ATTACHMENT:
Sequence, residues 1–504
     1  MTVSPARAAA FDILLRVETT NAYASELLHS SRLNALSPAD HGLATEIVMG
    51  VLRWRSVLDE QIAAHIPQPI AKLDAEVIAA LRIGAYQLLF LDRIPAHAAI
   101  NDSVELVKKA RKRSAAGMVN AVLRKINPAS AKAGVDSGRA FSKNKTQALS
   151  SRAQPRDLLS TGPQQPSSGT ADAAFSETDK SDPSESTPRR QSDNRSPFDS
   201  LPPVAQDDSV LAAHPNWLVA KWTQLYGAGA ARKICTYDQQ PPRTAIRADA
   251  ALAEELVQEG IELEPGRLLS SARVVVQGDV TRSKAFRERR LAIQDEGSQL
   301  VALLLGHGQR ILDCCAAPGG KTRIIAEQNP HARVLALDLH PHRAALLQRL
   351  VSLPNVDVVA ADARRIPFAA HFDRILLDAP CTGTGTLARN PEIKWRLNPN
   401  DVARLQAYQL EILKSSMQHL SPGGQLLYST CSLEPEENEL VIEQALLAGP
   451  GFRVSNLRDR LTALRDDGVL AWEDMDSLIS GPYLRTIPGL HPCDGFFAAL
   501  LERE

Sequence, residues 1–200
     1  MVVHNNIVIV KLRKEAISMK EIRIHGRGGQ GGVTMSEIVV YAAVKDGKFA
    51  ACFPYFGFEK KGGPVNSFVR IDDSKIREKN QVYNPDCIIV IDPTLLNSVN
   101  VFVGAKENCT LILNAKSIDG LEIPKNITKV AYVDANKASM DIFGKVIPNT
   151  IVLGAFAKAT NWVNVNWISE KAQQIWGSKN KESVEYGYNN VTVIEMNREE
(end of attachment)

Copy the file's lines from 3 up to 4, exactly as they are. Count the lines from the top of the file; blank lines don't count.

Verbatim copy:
    51  VLRWRSVLDE QIAAHIPQPI AKLDAEVIAA LRIGAYQLLF LDRIPAHAAI
   101  NDSVELVKKA RKRSAAGMVN AVLRKINPAS AKAGVDSGRA FSKNKTQALS